Among older youth transitioning from the foster care system, this longitudinal study examined the association of religious and spiritual capital to substance use in the past year at age 19. Participants consisted of African American (N = 179) and White non-Hispanic (N = 133) older youth in foster care. Drawing from social capital theory, it was posited that religious service attendance (a proxy for religious capital) and belief in a spiritual force (a proxy for spiritual capital) would be inversely associated with substance use. Multiple logistic regression results indicated support for the first and second hypothesis for White foster youth only. Among White foster youth, more frequent religious service attendance and greater belief in a spiritual force were associated with a lower likelihood of illegal substance and polysubstance use. No association between religious or spiritual capital and substance use was found among African American foster youth. The findings underscore the importance of conducting spiritual assessments to help ensure older foster youth who have strong religious or spiritual orientations are in environments where they are accommodated and supported.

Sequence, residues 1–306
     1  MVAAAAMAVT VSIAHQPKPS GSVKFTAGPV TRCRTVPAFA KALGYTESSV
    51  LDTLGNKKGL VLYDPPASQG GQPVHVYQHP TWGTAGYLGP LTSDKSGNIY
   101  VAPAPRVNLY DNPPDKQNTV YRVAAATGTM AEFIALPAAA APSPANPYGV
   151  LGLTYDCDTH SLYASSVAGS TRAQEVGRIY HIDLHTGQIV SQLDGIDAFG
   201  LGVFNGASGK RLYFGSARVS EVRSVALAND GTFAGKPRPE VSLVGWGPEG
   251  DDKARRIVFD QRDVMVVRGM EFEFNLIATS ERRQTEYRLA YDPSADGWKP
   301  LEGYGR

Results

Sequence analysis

- foster care
- social capital
ASJC Scopus subject areas
- Health(social science)
- Sociology and Political Science